The NDA government has begun a fresh review of the country’s labour laws that have remained unchanged since Independence, and tailor them to meet the needs of the National Manufacturing Policy with an aim towards boosting growth in the manufacturing sector.
Accordingly, the labour ministry has proposed changes to the Industrial Disputes Act, 1947, for easier retrenchment of workers in the National Investment and Manufacturing Zones (NIMZs).
Under the proposal, workers in any unit in the NIMZ may be removed without notice or compensation if the employer provides them with alternative employment in the same zone at the same pay and conditions of work.
In case alternative employment is not possible, the employer will have to pay compensation to the worker at the rate of 20 days’ wages for every completed year of continuous service or any part over six months.
This is a significant change from the current law where such a provision is not available for workers in the manufacturing sector. Companies with over 100 workers cannot terminate the services of workers who have been employed for over one year without prior permission of the state government and three months’ notice.
However, a clause in the Industrial Disputes Act, allows workers in mining operations to be retrenched if the mine shuts down due to exhaustion of resources, provided the employer provides them with alternative employment under him from the date of closure, on the same wages and terms of service or compensation, based on the workers’ service period.
“Such a provision is already present in the Act for workers engaged in mines. Based on a recommendation of the department of industrial policy and promotion, we want to extend it to cover the manufacturing sector as well,” said a senior labour ministry official, adding that the objective is not to make retrenchment of workers easier, but to give some flexibility to employers.
The labour ministry has now called a tri-partite meeting with trade union representatives and employers before finalising amendments to the Industrial Disputes Act.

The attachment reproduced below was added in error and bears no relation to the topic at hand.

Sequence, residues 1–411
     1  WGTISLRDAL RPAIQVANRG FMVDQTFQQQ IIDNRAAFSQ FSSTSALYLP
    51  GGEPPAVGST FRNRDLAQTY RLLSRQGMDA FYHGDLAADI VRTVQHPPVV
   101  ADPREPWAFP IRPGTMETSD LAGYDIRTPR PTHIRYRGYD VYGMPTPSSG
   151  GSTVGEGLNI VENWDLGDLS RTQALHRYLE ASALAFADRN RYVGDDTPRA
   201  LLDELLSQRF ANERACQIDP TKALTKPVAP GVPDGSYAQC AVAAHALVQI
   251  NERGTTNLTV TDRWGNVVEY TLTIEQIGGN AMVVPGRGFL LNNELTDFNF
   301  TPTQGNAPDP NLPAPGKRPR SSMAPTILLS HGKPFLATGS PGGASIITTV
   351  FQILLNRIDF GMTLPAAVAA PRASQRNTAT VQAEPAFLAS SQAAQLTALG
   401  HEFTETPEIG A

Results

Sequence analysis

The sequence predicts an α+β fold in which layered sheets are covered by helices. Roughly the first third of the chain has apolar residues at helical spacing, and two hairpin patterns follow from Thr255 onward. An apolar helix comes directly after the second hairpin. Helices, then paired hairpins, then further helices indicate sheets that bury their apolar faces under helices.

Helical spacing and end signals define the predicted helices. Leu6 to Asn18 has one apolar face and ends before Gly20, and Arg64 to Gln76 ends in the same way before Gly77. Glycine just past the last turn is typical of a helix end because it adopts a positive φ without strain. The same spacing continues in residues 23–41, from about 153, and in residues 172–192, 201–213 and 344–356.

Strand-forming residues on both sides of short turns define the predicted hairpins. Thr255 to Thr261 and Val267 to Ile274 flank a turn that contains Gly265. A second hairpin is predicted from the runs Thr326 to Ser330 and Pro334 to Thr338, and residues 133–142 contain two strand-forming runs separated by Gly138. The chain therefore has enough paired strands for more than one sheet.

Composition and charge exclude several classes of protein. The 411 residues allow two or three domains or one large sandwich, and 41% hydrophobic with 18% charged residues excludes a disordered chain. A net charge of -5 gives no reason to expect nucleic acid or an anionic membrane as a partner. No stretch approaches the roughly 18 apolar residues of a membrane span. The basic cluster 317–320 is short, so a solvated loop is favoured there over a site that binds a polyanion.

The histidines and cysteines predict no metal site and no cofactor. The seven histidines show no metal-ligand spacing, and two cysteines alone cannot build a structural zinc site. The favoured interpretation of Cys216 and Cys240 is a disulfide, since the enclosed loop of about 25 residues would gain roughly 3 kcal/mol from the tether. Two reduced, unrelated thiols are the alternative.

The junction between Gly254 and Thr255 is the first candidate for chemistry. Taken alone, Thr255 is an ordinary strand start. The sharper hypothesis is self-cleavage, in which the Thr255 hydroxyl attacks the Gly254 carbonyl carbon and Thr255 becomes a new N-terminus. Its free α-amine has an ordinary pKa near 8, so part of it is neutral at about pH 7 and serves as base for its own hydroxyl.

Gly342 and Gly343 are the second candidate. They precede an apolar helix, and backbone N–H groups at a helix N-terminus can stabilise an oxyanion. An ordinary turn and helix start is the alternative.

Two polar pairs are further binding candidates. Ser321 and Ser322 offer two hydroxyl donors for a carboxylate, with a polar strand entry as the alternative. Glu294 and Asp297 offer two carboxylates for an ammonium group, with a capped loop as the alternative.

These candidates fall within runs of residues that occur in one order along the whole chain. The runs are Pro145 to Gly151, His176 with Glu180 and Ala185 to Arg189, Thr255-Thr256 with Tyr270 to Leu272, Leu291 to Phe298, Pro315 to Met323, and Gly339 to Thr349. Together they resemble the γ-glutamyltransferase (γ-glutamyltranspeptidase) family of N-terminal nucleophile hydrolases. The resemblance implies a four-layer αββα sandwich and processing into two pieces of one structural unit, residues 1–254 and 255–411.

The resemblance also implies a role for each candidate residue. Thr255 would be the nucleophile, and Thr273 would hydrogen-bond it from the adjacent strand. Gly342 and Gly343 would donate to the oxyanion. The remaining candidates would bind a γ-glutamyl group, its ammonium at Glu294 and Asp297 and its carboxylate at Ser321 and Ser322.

Interestingly, while trade union leaders had opposed the amendments in negotiations held in September 2012, this time around they are willing to provide some flexibility.
“It is in the interest of the country and workers if there is some progress in the manufacturing sector. We are willing to make some compromises, but the government has to ensure that rights of workers are safeguarded,” said a leader with a trade union who has been invited for the consultations with the labour ministry next week.
Under the National Manufacturing Policy (NMP) that the UPA government released in 2011, NIMZs are envisaged as industrial townships with world class infrastructure that would help increase the contribution of manufacturing to GDP to 25 per cent by 2022 from 16 per cent then. The ambitious plan notwithstanding, complicated and inflexible labour laws have been the biggest stumbling block to its success.
Apart from the Delhi-Mumbai Industrial Corridor, five NIMZs have been given an in-principle approval but actual work on the ground is yet to begin.
Current data from the government shows that the manufacturing sector’s contribution to the GDP dwindled to 14.9 per cent in the provisional estimates of GDP for FY14.
“It is a welcome move but at the same time the government also needs to review other laws including the Factories Act to bring about a comprehensive overhaul of the labour laws,” said Michael Dias, secretary, Employers’ Association of Delhi and a member of the Council of Indian Employers.
The labour ministry, which has also begun a review of the Factories Act, is hopeful that if changes in the Industrial Disputes Act can be made for the NMP, these can then be expanded to across the industry.
Following consultations, the ministry will begin preparing a draft Cabinet note for the amendments.
It has already finished consultations on the issue with the department of industrial policy and promotion that is responsible for the NMP. Views and comments of all other ministries have also been taken on board.
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